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Don't Marry This Woman!

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In an article by Stephanie Rosenbloom in The New York Times about high-tech snooping, I caught this bit:

Amy Greenspan, a graphic designer in Manhattan, said she opens her fiancé’s mail, but not his e-mail — though she occasionally answers his cellphone and responds to instant messages for him (though she said she identifies herself).

But one night, she said, she picked up his cellphone and began a game of scrolling through his address book and deleting other women’s phone numbers. “He had to make a case for everybody who stayed,” she said.

Frightening. The fact that she wasn't the first to go says everything about the guy. Can we all band together, take up a collection, and maybe rent him a nice little starter set of balls?

The best approach is to pick somebody ethical and let them be. Also, to not believe in the fiction that love necessarily lasts forever. As a smart out-of-print book, Advice To A Young Wife From An Old Mistress, by (Ms.) Michael Drury, points out you can't pledge to love somebody forever any more than you can promise to have any feeling forever. What you can do is pledge to act loving and to stick around -- even if the spark has turn to shit. Mmm, romantic!

A column I wrote a while back, Caught In A Bridal Wave, with the exact Michael Drury quote is here.

Posted by aalkon at September 7, 2006 11:59 AM

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Comments

Roger's Rules of the Road

1. Never get caught without your wheels
2. Never say the 2 words (I do)
3. Never listen to the 3 words (I love you)

Posted by: Roger at September 7, 2006 7:49 AM

This is so wrong, I don't know where to begin. I've had exes pull this on me before. I maintain a no-excuses "two-strike" rule on this. On the other hand, one of my best friends is married to a woman who laughed when I told her about this. Her response: "we have no privacy; he opens my email all the time." So I guess its not a gender thing.

Posted by: snakeman99 at September 7, 2006 8:08 AM

> you can't pledge to love
> somebody forever

No, but you can promise to behave as if you do. People want to think their needs are gonna be met

Posted by: Crid at September 7, 2006 8:33 AM

"People want to think their needs are gonna be met"

People have unrealistic needs because they haven't considered that marriage, as it's been practiced, doesn't make sense for our times. Stephanie Coontz, in her book, Marriage, a history, points out that the problem came in when people started marrying for love instead of just marrying as a business arrangement.

Posted by: Amy Alkon at September 7, 2006 9:01 AM

I think their relationship sounds suffocating, kind of like being in prison. Why can't they just be happy, and enjoy each other's company?

Posted by: Canada at September 7, 2006 9:22 AM

To me, that's how a relationship should work. You stay together because you have more fun together and are better together than you are alone. When that stops being the case, you break up. For couples who have children, there should be a delivery room to dorm room plan. You pledge to stay together and keep the peace for that long. Then you can break up.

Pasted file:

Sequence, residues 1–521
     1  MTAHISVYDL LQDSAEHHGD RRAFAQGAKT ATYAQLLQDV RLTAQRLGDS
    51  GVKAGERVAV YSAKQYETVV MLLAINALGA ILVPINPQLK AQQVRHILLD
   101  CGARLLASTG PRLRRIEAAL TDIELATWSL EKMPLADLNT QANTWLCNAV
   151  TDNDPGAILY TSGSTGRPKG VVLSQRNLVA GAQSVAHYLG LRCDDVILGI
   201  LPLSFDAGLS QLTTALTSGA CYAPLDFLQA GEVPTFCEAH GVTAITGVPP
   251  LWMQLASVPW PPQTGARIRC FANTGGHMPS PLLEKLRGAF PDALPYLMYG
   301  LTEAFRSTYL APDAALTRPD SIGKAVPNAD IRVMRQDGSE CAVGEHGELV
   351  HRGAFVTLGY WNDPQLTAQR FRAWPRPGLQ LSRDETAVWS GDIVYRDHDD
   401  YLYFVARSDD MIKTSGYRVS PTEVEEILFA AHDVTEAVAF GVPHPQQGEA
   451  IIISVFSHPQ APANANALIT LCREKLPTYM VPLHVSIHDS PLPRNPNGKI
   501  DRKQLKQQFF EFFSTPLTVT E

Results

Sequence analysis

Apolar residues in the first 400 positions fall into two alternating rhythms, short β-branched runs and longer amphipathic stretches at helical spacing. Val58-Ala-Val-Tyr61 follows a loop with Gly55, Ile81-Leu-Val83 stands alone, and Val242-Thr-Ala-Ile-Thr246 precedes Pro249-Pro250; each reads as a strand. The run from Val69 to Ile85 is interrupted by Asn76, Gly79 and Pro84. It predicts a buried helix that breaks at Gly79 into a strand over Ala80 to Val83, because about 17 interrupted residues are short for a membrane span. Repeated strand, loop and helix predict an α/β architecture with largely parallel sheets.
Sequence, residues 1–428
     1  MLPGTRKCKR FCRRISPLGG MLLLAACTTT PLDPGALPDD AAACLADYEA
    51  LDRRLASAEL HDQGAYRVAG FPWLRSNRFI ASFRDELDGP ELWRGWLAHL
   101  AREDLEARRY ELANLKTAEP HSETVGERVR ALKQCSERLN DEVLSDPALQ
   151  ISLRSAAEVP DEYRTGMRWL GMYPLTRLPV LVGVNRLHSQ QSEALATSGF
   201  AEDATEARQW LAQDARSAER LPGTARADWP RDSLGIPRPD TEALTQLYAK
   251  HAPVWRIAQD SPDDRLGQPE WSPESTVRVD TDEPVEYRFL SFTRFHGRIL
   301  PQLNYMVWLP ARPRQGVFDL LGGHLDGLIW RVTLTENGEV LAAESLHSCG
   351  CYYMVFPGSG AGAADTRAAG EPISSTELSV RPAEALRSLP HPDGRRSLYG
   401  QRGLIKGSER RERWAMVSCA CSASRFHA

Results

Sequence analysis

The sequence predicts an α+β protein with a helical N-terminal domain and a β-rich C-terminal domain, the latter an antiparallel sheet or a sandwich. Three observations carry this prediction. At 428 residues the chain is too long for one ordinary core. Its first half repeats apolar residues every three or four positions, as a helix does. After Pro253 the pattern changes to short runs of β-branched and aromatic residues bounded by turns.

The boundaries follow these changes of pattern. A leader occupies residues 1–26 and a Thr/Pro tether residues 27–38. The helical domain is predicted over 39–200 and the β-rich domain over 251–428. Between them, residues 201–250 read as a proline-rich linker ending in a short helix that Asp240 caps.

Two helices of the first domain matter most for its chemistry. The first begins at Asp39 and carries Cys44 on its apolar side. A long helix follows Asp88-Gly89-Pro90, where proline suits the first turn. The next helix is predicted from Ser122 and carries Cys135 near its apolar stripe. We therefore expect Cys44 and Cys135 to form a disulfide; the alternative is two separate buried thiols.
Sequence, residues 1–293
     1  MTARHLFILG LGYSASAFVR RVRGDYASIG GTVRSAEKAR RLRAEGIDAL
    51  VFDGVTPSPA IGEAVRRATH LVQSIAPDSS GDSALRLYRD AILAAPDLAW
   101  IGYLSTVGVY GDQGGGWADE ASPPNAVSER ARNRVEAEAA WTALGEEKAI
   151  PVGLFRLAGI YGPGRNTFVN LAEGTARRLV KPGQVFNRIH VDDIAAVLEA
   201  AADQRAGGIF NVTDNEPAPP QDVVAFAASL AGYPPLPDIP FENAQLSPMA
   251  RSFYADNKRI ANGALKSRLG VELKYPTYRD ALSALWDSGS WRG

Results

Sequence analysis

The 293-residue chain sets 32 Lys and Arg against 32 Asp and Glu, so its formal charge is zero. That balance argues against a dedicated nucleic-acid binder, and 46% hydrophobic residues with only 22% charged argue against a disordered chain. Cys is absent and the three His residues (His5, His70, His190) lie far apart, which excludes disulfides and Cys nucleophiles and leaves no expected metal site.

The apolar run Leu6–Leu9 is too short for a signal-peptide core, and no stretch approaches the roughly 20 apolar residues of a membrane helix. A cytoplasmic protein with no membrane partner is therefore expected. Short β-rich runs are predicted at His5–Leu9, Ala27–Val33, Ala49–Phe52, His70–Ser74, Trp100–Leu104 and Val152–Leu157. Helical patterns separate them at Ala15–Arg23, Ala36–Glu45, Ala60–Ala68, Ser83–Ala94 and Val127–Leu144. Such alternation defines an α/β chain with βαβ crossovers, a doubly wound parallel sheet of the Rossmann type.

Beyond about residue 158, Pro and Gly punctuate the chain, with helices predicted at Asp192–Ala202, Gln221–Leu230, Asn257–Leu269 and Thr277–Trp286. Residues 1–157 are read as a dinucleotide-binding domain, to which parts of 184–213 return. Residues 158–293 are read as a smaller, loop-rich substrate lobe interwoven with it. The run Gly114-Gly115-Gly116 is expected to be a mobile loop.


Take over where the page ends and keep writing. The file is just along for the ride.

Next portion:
Of course, while men tend to be about "Who am I?" too many women are about "Who am I with?", which means they don't develop themselves to have a career that's a real means of support, and don't develop whole selves. Those are the women who overvalue their relationships -- because their relationships are where they get their identity.

My feeling, in a relationship: Either you want me or you don't. If you want somebody else, you should have them.

Posted by: Amy Alkon at September 7, 2006 9:43 AM

That's funny... I have a "two-strike" rule too. Must be an industry standard. Richard Dawkins might just be right about that whole "tit-for-two-tats" thing.

Posted by: Paul Hrissikopoulos at September 7, 2006 11:31 AM

"Only a race of limited lifespan could imagine that love is forever." - Wayne Alexander, as Lorien, for J. M. Straczynski in Babylon 5.

Posted by: Radwaste at September 7, 2006 7:01 PM

In an extreme case like this, would a one-strike rule be so wrong?

Posted by: Gary S. at September 7, 2006 9:22 PM

snakeman writes:

This is so wrong, I don't know where to begin. I've had exes pull this on me before. I maintain a no-excuses "two-strike" rule on this. On the other hand, one of my best friends is married to a woman who laughed when I told her about this. Her response: "we have no privacy; he opens my email all the time." So I guess its not a gender thing.

Two? That's too generous. If you let someone off the hook for snooping once, all they're going to do is make sure they don't get caught. I expect eventually, they'll become brazen enough to get caught again, if it continues. But how much of your privacy will be compromised by then?

You catch them in the act the first time, you've already established they have no ethics. What more do you need to know? You think saying "If I ever catch you violating my privacy again, you're history!" will suddenly turn an unethical person into an ethical one?

I say kick 'em to the curb, right then and there. You don't read other peoples' mail, or sift through their address book or check their calls on their cell phones. If you do, you've got major league security issues and probably control issues as well.

Posted by: Patrick at September 8, 2006 12:21 AM

We're imperfect creatures of passion, so two works for me. But then that's but my good and my evil. So as you will.

Posted by: Paul Hrissikopoulos at September 8, 2006 9:05 AM

Hi, my sites:
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Posted by: Yhanks you at February 1, 2008 6:03 AM

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